Spain could run on 100% renewables by 2050 or sooner, but it will take more than technological advances. Accounting for material scarcities, reducing demand and policy innovation will all be necessary to make the transition a reality. And now, amid the energy crisis sparked by Russia, even greater resilience and ingenuity are a must.
This article is written by Gonzalo Parrado Hernando and Nathalie Wergles, two researchers from the LOCOMOTION project, which is attempting to create a next-generation integrated assessment model (IAM) called WILIAM.
According to its national strategy and the broader EU target, Spain aims to become carbon neutral by 2050. Russia’s war against Ukraine has shed new light on this ambition, elevating the fragility of EU member economies, which depend on fossil fuel, oil and material imports. But it also fostered a critical examination of the status quo.
Today, Spain is looking for a way to safeguard its climate ambition while building a more secure, resilient and sustainable economy. According to a new study published within the LOCOMOTION project, 100% renewables are very much within reach for Spain.
The renewables-based economy is a must
Calls for 100% renewable energy have been public since the 1970s, including the famous Limits to Growth (1972)report and the first oil crisis (1973). The recent assessments about ongoing climate disruption have made this possibility a necessity.
Over the years, several studies have shown the economic and technological feasibility of the transition. CAN Europe and EEB have recently elaborated a new feasible agenda for a nature-positive transition to renewables in Europe. Political will, paired with advances in programming, electronics and technologies like energy storage and green hydrogen have started to bring those ambitions to life.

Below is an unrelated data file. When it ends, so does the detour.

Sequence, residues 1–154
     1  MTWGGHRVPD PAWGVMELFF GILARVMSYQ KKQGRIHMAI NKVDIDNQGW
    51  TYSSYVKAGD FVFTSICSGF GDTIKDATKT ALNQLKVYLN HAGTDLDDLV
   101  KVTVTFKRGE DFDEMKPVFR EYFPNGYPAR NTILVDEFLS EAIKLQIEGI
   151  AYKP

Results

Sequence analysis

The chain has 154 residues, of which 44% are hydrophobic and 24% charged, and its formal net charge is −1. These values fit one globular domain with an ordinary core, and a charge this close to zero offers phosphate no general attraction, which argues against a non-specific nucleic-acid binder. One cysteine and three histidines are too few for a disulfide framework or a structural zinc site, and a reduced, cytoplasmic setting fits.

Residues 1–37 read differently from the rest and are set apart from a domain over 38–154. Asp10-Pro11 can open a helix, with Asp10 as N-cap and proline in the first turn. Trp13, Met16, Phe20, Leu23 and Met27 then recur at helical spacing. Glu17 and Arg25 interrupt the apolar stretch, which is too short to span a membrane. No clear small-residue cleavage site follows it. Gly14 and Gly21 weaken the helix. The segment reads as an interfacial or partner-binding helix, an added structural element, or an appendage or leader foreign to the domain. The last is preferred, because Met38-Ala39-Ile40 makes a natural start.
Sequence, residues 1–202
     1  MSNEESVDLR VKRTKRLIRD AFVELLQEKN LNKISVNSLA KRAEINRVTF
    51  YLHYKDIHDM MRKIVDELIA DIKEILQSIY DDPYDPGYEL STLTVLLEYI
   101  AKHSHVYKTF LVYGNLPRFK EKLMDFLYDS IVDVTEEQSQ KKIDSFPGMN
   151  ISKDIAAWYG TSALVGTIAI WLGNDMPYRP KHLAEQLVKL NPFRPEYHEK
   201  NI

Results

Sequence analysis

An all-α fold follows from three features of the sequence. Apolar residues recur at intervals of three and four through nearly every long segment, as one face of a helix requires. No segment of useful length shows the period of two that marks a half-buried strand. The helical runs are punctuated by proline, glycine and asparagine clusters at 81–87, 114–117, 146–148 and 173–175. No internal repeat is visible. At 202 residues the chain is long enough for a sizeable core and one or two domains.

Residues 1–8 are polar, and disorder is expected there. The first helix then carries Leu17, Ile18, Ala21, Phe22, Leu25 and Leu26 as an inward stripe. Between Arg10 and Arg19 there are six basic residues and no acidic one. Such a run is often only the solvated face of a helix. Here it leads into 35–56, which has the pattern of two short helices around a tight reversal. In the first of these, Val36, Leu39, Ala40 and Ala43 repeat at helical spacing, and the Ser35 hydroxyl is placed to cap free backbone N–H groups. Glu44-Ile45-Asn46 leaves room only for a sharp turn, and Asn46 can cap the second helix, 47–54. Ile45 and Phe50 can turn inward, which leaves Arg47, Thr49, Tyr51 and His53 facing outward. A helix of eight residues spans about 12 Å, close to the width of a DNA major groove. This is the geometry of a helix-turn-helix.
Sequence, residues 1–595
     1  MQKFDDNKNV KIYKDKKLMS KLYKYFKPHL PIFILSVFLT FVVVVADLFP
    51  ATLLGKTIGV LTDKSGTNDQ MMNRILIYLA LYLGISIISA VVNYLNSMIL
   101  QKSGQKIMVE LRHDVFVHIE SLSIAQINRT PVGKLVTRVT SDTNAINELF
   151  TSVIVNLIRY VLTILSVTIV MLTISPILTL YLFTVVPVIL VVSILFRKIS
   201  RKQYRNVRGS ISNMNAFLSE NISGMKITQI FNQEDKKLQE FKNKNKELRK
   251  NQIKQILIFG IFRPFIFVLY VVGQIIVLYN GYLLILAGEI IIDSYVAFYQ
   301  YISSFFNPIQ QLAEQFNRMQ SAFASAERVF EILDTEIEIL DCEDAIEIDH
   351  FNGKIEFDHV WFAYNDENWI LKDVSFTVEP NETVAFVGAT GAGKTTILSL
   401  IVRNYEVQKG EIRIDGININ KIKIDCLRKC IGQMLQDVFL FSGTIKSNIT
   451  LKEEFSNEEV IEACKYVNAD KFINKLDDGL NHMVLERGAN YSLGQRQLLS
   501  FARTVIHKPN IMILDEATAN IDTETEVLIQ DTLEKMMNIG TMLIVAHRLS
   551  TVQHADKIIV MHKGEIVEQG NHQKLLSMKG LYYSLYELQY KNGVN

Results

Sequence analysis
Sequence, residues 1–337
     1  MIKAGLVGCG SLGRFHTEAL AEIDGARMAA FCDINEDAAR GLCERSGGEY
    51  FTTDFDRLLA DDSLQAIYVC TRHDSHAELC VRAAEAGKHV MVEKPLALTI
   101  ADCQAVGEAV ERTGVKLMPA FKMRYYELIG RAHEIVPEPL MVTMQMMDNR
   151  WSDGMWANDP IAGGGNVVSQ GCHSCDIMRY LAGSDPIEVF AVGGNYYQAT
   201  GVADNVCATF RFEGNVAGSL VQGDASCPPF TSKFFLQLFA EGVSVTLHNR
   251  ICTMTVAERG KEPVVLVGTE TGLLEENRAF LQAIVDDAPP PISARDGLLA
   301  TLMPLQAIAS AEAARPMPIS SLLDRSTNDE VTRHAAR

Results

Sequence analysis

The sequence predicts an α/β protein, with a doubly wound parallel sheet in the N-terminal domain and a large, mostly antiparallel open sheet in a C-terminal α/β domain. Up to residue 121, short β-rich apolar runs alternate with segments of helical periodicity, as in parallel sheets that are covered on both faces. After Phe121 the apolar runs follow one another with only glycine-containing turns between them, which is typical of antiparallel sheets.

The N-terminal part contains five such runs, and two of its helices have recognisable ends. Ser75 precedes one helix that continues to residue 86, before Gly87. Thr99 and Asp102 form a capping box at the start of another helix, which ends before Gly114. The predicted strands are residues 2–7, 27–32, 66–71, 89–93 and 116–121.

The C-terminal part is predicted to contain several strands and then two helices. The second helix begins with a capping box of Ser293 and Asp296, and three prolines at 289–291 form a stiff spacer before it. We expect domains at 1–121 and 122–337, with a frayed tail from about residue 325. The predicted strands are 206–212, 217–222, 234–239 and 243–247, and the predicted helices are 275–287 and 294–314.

While EEB has presented a feasible path towards 100% renewables in Europe 10 years earlier than the given scenario, the study has been foremost focused on alignment with the national climate targets. It is a valuable contribution based on its methodological advances and detailed analysis.
Let’s see how this could happen, assuming, for a moment, a brief voyage into the future.
The decisive decade: a ground for change
Enter 2030. The scaling of new technologies has massively decarbonised the Spanish economy. Biofuels substituted gas, diesel, and fuel oil where direct electrification was not possible. Rail transport is now 100% electric.
Heat pumps and district heating replaced gas boilers across households and services, delivering a synergy between industry and residential buildings. And better energy storage, renewables mix and smarts grids made nuclear a thing of the past.
Green hydrogen production has been scaled up by deploying electrolysis capacity in order to supply hard-to-decarbonise industrial and transport applications. And extra 2540 MW of electric grid batteries (20 GWh of storage), coupled with a more efficient and interconnected Spanish electricity grid, helped tackle the supply-demand gaps.
These changes set the stage for an unprecedented economy-wide transition over the next two decades.
A decarbonised energy system
By mid-century, following Spain’s official roadmap, we have seen a change in the status quo across the economy.